After Santarcangelo, we went to visit Collina Dei Poeti, an agriturismo (sort of B&B set in an agricultural setting of some sort) and cantina (wine producer in this instance!) set in some lovely countryside that produces Sangiovese wine, a wine typical of the Emilia-Romagna region. We were given a tour of the estate,  showed the vineyards, olive groves and a couple of rows of Gelso trees (you might remember from the last post that they produce a sort of blackberry). After the tour, we had an opportunity to taste the wine. Now, this is where it’s very noticeable going on a wine tour with Italians. I’m generalising here of course but, Italians are just awful drinkers despite their passion for wine. For example, the guide opened up a bottle of their fizzy Sangiovese wine – shared between 9 of us, the bottle remained half full and  people were questioning their ability to cope with a second, let alone a third glass. IMAGINE! Still, it was good wine and it was complimented with some of their own olive oil doused bread and some other aperitivo style treats. All in all, it was a lovely finish the day, even if I did feel like a raving alcoholic by the end of it!

Rimini

Our final trip was to Rimini. I’ve been to Rimini before and liked it a lot. This time though, we had a tour guide that gave us some insights. Rimini was heavily bombed during the war and many buildings needed to be reconstructed. In fact, some were never rebuilt and remain as ruins as reminders of what happened.

I hadn’t noticed the graffiti in Rimini last time I was there but it really is very good – in fact, calling it graffiti seems to be a bit disrespectful! Have a look at the photos below. I love the old lady in the smoke and if you click on the image of what seems to be an old stone relic next to the water, you might be able to see that it’s just painted like that and it’s not made of antique stone!

Rimini has some fascinating roman relics. In Piazza Ferrari lie the uncovered remains of “The Surgeon’s House“. They know a surgeon lived there because of the tools uncovered that are remarkably similar to the ones still used in the operating theatre today. Mosaics cover the floor. They dug down a couple of meters to discover these relics. It’s amazing to think that under Rimini there could be a lot more. It also struck me how similar it was to our own roman ruins – in fact, I remember visiting a very similar example in Fishbourne Roman Palace in Sussex years ago. The thought that at one point, our nations were so similar and inhabited by the same people, but are now so entirely different is quite mind boggling I think! I live so much in the present that it’s a struggle to imagine this surgeon going about his business in the 2nd century AD. They even know which room he used to meet clients in.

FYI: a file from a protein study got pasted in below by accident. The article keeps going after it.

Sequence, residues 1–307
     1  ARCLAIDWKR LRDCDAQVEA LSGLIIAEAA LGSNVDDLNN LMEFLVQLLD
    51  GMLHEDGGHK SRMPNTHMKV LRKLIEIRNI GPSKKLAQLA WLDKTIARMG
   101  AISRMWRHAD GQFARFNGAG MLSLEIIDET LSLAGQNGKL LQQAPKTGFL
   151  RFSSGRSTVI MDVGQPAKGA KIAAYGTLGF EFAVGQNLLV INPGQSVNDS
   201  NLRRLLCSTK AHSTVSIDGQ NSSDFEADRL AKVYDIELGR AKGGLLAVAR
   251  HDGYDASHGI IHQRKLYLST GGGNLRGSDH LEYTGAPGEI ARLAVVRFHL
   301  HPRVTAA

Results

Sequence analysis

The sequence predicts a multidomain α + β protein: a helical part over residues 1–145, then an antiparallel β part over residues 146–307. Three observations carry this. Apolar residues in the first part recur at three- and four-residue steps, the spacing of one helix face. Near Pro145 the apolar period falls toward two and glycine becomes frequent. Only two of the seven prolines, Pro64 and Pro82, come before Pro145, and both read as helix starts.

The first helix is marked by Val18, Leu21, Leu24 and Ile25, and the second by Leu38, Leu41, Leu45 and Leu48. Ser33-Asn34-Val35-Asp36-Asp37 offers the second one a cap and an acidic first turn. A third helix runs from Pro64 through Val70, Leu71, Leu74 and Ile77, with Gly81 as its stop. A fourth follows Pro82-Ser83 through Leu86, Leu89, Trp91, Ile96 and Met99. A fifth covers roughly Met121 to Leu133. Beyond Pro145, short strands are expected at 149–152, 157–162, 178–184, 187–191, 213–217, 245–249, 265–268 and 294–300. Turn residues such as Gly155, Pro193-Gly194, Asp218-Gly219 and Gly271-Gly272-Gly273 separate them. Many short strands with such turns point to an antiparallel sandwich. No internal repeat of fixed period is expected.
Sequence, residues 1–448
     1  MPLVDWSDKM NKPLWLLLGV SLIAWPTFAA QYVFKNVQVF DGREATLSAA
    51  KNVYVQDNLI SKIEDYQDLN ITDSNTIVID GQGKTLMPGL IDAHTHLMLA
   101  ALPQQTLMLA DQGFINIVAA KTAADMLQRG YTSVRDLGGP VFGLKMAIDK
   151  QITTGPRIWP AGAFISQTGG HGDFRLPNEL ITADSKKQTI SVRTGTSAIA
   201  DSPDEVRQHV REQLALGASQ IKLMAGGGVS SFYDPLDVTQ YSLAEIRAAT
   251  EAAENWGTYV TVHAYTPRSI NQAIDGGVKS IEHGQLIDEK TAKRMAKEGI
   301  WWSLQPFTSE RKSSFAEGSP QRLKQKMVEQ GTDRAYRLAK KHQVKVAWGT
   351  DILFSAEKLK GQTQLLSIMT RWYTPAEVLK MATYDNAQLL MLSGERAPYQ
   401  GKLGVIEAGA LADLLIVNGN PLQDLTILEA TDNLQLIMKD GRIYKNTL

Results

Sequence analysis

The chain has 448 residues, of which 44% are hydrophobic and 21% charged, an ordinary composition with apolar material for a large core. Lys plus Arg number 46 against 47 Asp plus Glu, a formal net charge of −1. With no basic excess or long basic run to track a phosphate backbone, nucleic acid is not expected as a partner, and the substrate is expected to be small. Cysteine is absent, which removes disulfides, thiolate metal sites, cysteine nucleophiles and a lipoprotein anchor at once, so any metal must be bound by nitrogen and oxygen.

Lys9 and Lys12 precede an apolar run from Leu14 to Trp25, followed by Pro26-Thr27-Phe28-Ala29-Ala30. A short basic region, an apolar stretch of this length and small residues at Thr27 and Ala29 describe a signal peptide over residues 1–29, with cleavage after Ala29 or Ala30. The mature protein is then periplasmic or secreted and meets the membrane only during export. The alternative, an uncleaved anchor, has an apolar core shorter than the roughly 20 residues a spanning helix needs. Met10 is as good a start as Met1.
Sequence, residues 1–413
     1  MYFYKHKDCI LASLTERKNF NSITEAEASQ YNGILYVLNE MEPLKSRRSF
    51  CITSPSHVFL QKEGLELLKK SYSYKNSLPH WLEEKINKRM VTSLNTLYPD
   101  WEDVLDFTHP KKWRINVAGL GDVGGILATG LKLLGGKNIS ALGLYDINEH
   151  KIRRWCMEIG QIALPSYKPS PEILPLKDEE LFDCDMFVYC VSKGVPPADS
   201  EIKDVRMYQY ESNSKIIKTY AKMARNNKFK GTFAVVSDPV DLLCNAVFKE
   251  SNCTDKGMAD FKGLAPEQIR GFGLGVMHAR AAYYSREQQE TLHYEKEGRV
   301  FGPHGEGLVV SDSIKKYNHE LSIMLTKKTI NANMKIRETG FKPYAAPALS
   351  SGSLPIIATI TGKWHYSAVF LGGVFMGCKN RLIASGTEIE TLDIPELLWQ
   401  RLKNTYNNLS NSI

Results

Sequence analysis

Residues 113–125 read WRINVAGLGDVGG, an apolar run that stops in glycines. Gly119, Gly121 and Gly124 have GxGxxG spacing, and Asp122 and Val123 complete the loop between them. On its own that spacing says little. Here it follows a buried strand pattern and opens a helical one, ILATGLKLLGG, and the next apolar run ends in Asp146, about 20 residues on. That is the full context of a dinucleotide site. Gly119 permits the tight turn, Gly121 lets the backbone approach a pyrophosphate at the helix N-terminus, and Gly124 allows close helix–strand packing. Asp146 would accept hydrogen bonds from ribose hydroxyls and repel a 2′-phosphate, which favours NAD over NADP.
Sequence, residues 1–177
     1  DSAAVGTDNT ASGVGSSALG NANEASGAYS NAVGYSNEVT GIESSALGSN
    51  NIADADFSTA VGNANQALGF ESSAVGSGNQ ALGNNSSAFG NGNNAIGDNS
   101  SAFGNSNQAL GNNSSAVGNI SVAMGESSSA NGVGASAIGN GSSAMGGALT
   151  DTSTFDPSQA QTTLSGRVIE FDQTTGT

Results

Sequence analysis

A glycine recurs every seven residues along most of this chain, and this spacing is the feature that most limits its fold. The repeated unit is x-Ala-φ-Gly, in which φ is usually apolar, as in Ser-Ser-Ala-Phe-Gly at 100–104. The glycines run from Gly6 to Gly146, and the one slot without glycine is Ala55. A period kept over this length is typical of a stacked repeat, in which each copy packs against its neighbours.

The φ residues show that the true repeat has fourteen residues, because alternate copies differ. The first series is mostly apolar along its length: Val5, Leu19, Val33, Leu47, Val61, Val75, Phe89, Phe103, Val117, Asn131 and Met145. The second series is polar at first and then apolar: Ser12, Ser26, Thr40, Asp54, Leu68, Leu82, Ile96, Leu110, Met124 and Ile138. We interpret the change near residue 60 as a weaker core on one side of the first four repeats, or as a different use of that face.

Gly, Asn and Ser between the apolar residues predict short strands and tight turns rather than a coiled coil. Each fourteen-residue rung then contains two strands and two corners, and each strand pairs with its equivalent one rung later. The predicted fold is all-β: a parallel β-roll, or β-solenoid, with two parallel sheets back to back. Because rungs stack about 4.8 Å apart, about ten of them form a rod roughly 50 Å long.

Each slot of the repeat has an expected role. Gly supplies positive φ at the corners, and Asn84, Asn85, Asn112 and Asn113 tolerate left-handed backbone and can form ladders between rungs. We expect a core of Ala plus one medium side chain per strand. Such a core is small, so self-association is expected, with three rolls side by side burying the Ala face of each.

We also explored the “Tempio Malatestiano” which was commissioned by Sigismondo Pandolfo Malatesta around 1450.  The Malatesta Family (known as the House of Malatesta were an Italian family that ruled over Rimini from 1295 until 1500, as well as (in different periods) other lands and towns in Romagna. Sigismondo (what a great name) became Lord of Rimini at the age of 15 and the family has quite the story of deceit and  corruption (like all politicians then!!). The Tempio Malatestiano was originally known as San Francesco, a gothic church but Sigismondo decided it would make a nice personal mausoleum for him, his lover and later his wife. So he organised a sort of extreme makeover style regeneration and the external walls were covered by thick marble carved with Malatestian symbology. It certainly is a very grand church. You can see in the photo below the external marble arches that were built to cover the original stone windows. There’s some very elaborate stonework inside too. I was struck by a creepy looking cherub, photo evidence below. I can’t ever work out if they’re forces for good or evil! And finally, I took a picture of the inside of the church and I was surprised to see the rather ghostly looking white figure in it. I’m sure she wasn’t there when I took the picture… !

Walking around Rimini, our excellent tour guide gave us a very detailed and interesting account of the buildings and history of the city.   The lady with the bike in the photo below is riding through what used to be a fish market. The religious looking chap in the statue below is in Piazza Cavour and is of San Gaudenzo, the patron saint of the city… or is it? No, apparently it’s actually Pope Paul V but the dedication was changed when the anti-papal Napoleonic troops invaded with the hope they wouldn’t destroy (it worked). The arch there has been in the wars, literally. The top part needed to be reconstructed after the bombing and it looks a bit worse for wear these days. There used to be a bronze statue on top which has never been seen or heard of since it’s disappearance (I’m not entirely sure how they know there was one – there’s nothing in the books and no photographic evidence! Perhaps my house used to have a bronze statue on too). The bridge, has seen it’s fair share of history as well, once spanning across a river which has now been diverted. All in all, far from what many people regard as just a seaside resort, there’s actually a lot of history within Rimini’s town center and it’s well worth a visit.

I think that largely sums up the visits… Please tune in for Part 3: Fried Sage at the San Salvador Hotel.

x

 

 

Categories: Uncategorized | Tags: , , , , , , , , , , , , , , , , , , , , , , , , , , , , , , , , , , , , , | 3 Comments

Blog at WordPress.com.